Houses of Parliament from next to Westminster Bridge
Westminster Bridge is worth noting on these pages because of the important statue at each end, and views of Victorian interest.
The bridge replaces an earlier 18th century structure, which engravings show to have had no less than 15 arches - the most of any bridge in London, I think, - semicircular, increasing in height and width towards the centre, and with turretlike piers giving the whole a fortified look.
The current bridge, though, is Victorian, dating from 1854-62, by Thomas Page, with Charles Barry as architectural consultant. If you click on the small picture above, the full size version shows the bridge on the very right of the picture. The view from the bridge is enfeebled at the time of writing, due to repairs blocking much of it. Downstream, the right hand side is dominated by the remarkable London Eye, and closer to us and to the preoccupation of these pages, the Edwardian former County Hall (architect Ralph Knott, 1912), with some sculpture which is not appreciable from here.
To the left, Portcullis House is one of the better modern constructions, the whole and the chimneys echoing in scale and height New Scotland Yard next door, with its distinctive white banding on a red brick background, and which is one of the better buildings by Richard Norman Shaw. A little way on, on the shore side of the road, a golden eagle raised on high (WW1 monument to American Airmen). Further, behind more trees, the excellent skyline of Whitehall Court and National Liberal Club, by Archer and Green, and Waterhouse respectively (1884).
The next bridge downriver is the Hungerford Rail Bridge, leading out of Charing Cross railway station, with on each side a modern suspension bridge for pedestrians by Lifshutz Davidson, (2002) in the best possible taste. The river then curves round to the right, so that behind that bridge can be seen on what is now becoming the north rather than west bank of the Thames, the long low white bulk of Somerset House (William Chambers, late 18th Century).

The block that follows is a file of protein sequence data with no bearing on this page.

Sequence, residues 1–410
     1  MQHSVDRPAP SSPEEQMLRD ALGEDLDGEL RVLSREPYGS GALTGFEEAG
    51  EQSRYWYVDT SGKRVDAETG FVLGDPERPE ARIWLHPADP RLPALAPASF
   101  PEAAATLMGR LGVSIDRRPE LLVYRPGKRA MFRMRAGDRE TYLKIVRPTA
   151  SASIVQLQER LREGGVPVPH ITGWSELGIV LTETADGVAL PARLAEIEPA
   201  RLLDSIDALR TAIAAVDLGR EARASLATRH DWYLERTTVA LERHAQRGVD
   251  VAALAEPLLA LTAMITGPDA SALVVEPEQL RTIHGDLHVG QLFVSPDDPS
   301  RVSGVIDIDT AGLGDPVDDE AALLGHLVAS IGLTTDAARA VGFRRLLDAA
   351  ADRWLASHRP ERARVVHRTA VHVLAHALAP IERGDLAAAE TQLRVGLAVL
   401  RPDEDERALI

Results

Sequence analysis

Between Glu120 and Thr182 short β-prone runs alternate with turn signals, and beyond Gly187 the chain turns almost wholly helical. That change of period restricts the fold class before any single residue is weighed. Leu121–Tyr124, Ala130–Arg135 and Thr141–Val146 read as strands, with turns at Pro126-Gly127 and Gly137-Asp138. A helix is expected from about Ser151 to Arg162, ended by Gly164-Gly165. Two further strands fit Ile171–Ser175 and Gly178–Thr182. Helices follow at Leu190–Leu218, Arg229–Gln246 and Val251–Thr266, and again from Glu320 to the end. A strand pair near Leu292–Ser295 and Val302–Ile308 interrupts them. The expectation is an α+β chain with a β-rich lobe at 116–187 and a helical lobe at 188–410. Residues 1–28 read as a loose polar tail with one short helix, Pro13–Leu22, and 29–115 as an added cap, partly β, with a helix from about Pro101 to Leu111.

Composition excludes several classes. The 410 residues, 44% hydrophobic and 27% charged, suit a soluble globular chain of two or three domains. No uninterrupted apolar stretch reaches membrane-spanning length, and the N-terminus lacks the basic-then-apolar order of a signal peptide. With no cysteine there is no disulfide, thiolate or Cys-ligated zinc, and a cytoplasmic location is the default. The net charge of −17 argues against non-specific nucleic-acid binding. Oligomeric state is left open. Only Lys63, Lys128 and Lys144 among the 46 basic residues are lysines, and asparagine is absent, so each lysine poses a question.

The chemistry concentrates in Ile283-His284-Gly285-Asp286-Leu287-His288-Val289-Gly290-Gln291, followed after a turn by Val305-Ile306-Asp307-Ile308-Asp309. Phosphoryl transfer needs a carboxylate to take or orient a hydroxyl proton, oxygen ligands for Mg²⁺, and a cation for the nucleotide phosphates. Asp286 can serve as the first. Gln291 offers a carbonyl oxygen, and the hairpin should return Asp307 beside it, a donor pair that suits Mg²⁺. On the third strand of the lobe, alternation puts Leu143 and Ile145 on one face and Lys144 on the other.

The upriver view gives an oblique view of the Houses of Parliament, and a slight view of St Thomas's Hospital on the other side - see below for better view from the Albert Embankment. Further off, the next bridge upstream is Lambeth Bridge.
We have a good statue at each end of Westminster bridge. On the western side is Boadicea, by Thomas Thornycroft, the father of the more famous Hamo Thornycroft. An excellent thing, and the sculptor's best work, she is seen in her two horse chariot with its scythe-bearing wheels, used in battle with the Romans. This is Boadicea as a noble Greek, not personalised but semi-deified, accompanied by two crouching female shield maidens. Very noble.
At the other end of the bridge, the very large Coade Stone Lion (1837), facing away from us. This originally advertised the Lambeth brewery and is the work of the Coade Stone manufactury, which stood where County Hall now sits, and I think the lion faced the other way, towards the river. Big, solid, much less subtle than many works in the material, but interesting in demonstrating the scale that Coade Stone could be used on, and the imperishable nature of the material, given the lion's exposed windy position.
St Thomas's Hospital, Parliament, Westminster Bridge to right
From that side of the river, on the Albert Embankment, the bridge itself can be seen. It has seven arches, larger in the centre than at the ends, solid rather than fancy ironwork, and unadorned stone piers with short branching triple-lamps at the top to light the road across the bridge. Walking upstream gives the spectacular view of the Houses of Parliament. The river frontage of the building itself is symmetrical, and further back, the Victoria tower at the southern (upstream) end is balanced by the slighter Big Ben at the other together with the smaller towers and steeples nearby, to give a pleasing asymmetry. The central complicated tall spire rises almost as high as the towers at each end - this and the smaller protuberances, an essential part of the Gothicness of the whole, are in fact to cover heating and ventilation shafts. Would that modern buildings had such ornaments. The tops of the white towers of Westminster Abbey are visible behind. The architects, of course, were Barry for the structure and Pugin for the decorative aspects and Gothic style. Building work commenced in 1839, the building becoming basically useable in the late 1840s and early 1850s, Big Ben going up in 1858, and Victorian Tower completed in 1860.
A pleasant walk upriver from here takes one past St Thomas's Hospital, not particularly noticeable from the bridge, due to the trees, and the nearer obscuring modern block. There are three surviving Italianate pavilions with a low, pillared screen between, and a church with excellent Italianate tower. In the picture, the Hospital fills the lower part of the view, and the church is bottom left. The architect was Henry Currey, and the date 1868-71.
The pedestrian can stroll further, past Lambeth Palace to Lambeth bridge and beyond to Vauxhall Bridge, or across it to Tate Britain. The other way is a walk to Tate Modern. On the west side, a couple of minutes brings one to Parliament Square, or one can stick to the riverside and end up going through Victoria Embankment Gardens.
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